Roberts explained that professional society attention can help to mentor under-represented minorities and that the Society of Interventional Radiology (SIR) has already budgeted for outreach to these groups. “Institutions are also including specific questions to faculty candidates about their experience with encouraging diversity. For instance, the University of California requires individuals who are applying for faculty positions, or those who are being promoted, to describe what they have done to promote diversity,” she commented.


Barriers to diversification in interventional radiology include inadequate specialty exposure; the specialty being perceived as having little patient contact or being less of a direct service to the community. An important barrier is the lack of role models and mentors. Bias can also play a key role, particularly when an equally qualified candidate is ranked lower for a position because of gender, race or ethnicity.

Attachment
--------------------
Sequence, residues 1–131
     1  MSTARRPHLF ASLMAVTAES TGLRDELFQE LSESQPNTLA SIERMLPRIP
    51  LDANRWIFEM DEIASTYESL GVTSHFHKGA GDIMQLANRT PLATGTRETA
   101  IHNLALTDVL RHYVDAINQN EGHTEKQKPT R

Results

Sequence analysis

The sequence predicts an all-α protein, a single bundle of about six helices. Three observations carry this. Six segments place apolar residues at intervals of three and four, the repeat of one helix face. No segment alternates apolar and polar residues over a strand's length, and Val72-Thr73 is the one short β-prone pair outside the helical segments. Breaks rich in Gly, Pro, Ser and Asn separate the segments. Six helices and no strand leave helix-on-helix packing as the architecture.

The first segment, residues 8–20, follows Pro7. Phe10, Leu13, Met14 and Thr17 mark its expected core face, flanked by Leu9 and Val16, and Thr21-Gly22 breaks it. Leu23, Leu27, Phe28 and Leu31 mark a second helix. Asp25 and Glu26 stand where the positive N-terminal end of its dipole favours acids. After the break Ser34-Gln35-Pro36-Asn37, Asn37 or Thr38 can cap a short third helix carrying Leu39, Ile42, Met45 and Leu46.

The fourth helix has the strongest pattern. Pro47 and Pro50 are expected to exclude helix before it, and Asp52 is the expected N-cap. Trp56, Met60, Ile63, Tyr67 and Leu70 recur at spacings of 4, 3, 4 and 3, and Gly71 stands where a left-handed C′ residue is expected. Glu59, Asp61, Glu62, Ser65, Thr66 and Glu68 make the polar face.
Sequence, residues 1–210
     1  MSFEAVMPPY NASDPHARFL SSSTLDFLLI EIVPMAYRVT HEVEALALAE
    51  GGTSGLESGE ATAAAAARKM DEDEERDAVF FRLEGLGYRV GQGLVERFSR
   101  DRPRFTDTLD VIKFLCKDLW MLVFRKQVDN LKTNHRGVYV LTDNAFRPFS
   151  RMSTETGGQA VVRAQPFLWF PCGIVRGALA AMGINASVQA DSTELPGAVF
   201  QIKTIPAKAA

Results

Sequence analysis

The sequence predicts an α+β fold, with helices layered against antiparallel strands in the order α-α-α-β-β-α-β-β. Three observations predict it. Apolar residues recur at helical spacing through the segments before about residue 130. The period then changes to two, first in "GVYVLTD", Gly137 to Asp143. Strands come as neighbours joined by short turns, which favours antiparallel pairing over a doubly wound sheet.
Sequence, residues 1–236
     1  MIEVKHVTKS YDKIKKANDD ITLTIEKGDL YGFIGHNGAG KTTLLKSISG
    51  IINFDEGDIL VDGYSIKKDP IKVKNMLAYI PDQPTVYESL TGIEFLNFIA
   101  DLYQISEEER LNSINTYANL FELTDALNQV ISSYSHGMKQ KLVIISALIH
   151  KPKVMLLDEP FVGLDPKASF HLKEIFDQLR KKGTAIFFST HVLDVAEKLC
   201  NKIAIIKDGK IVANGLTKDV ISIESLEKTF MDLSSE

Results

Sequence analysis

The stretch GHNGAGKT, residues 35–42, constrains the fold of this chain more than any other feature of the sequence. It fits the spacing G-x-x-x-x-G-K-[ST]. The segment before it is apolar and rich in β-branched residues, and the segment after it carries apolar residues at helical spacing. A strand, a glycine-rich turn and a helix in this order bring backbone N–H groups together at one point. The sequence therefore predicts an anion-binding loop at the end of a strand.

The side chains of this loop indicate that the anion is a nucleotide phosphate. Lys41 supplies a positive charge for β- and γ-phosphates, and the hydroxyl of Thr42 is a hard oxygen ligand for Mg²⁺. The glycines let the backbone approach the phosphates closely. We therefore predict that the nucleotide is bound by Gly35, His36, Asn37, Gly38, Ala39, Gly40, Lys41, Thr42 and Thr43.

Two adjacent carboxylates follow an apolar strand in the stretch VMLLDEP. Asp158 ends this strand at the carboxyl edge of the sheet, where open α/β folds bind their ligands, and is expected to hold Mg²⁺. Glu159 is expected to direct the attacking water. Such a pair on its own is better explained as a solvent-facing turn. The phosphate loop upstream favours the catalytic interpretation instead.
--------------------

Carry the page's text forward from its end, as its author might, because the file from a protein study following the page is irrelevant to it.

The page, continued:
As potential solutions, Roberts proposed that the early exposure programmes to interventional radiology be expanded to student interest groups. “We need to encourage student application to existing summer fellowships and create summer internship programmes to enhance the competitiveness of future applicants. At national meetings, we need to showcase faculty who represent diversity, and who formally mentor students. We also need to improve education and the marketing of radiological professions. It is vital to include new and diverse members on residency selection committees and faculty search/promotion committees.”